Reading as an infection
The act of re-reading in this manner also puts a stress on the distinction that we set up between reading and writing. Jean-Frédéric Chevallier explores this particular category of confusion in his theatrical performances, which, he suggests, lies outside the bounds of story. At the symposium he told an anecdote about one of the spectators at his show. The woman approached him during the interval in attempt to know when the story would start. It was only after he assured her that there would be no story that she could relax and enjoy the rest of the performance.
When the expectation of a story that explained the performance was removed, she could participate more actively arranging and re-arranging the elements of the performance into any formation she desired. Thus she had to simultaneously read and write. What was the value of her ticket then? Was it what she received in the course of the performance or what she was forced to invest of herself in it?
All of these speakers seem to be reiterating the same message – reading is that which resists all categorisation, ordering, and sequencing. It doesn’t follow the logic of “or” but that of “and”. It may seem like a gluttonous accumulation of knowledge if not for the fact that this ‘and’ constantly shatters the concepts it unifies. A reading practice that is simultaneously reading and writing, an introduction to a text that is both new and old, a story that is both valuable and worthless.
Reading is then an infection that invades and contaminates everything. The creative and literary potential of the book cannot be contained within its pages, but leaks from it. Hence the symposium itself was a waiting room like the one that Atkinson explores in her talk. It was a space in which all the participants came together, not to celebrate in communal harmony, but to wait a while before they each departed their own separate way. There was no value or coherence to this meeting except to infect and be infected by the ideas that were floating about.
If we allow for the possibility of contamination through reading, for the deconstructive possibilities of the word “and”, then “world literature” is no longer a benign term that can be easily explicated. It is not the creation of a literary oeuvre but the undoing of it. Texts will never reduce themselves to a singular meaning to fit an agenda or fulfil a function in a larger political or economic framework. They will always forget their place.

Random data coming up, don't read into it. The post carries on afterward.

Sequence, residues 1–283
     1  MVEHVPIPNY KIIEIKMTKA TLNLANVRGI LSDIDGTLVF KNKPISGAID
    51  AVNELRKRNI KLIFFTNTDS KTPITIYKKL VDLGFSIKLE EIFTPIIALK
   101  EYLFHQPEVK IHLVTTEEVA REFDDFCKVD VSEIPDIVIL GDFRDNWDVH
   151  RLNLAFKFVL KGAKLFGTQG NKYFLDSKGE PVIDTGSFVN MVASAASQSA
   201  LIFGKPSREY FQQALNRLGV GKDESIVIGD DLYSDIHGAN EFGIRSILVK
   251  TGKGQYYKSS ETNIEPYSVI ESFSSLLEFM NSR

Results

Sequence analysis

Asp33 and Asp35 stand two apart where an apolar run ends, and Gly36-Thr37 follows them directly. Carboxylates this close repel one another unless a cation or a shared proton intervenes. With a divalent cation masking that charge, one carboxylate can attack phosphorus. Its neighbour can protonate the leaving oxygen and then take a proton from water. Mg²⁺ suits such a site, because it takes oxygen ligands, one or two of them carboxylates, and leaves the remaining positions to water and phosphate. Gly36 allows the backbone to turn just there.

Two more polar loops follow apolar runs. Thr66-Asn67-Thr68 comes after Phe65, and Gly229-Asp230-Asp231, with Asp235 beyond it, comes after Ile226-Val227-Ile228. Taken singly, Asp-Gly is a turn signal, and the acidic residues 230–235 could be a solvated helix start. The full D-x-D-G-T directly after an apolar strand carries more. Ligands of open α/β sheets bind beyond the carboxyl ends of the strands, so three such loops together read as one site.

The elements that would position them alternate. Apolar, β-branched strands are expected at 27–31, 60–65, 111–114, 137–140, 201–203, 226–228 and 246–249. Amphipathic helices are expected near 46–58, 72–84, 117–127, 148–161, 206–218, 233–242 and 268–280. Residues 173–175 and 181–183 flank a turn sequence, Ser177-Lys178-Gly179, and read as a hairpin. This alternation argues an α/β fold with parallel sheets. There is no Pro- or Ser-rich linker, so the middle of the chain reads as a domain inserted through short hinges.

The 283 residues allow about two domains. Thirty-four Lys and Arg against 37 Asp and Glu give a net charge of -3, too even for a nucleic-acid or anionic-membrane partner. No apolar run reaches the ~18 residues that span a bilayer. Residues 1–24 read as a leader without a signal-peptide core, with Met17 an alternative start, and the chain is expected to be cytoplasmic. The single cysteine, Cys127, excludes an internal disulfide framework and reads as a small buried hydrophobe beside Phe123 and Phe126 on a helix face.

Thus world literature can never provide a framework for peaceful negotiation between different cultural contexts because, like sly, manipulative and politically savvy ambassadors, they will always imply more than they say. They are not the straight-shooters we desire, but exactly the devious and inefficient representatives we resent who can never stay on message. All they do is wreak havoc and play, never producing any valuable change.
This idea of play brings me back to my own education. In these past four years I have changed and been transformed, but I would not be able to classify this movement as growth. I read before I started university and that is all that I do now. Maybe I read with more intensity and with a different emphasis but I still cannot produce much.
After seeing his father’s ghost and realising that the dead don’t always remain dead, Hamlet famously remarks, “The time is out of joint”. After repudiating the organisational logic of stories, I feel like I am out of joint. I have become more susceptible to the power of reading, and constantly find myself demolishing and rebuilding everything around me. Like Hamlet’s ghost, words, phrases, sentences sneak out of their stories and haunt me. But unlike Hamlet, I do not try exorcise them, instead I play their game of creation and destruction.
Nayani Goyal is a graduate student in the Arts.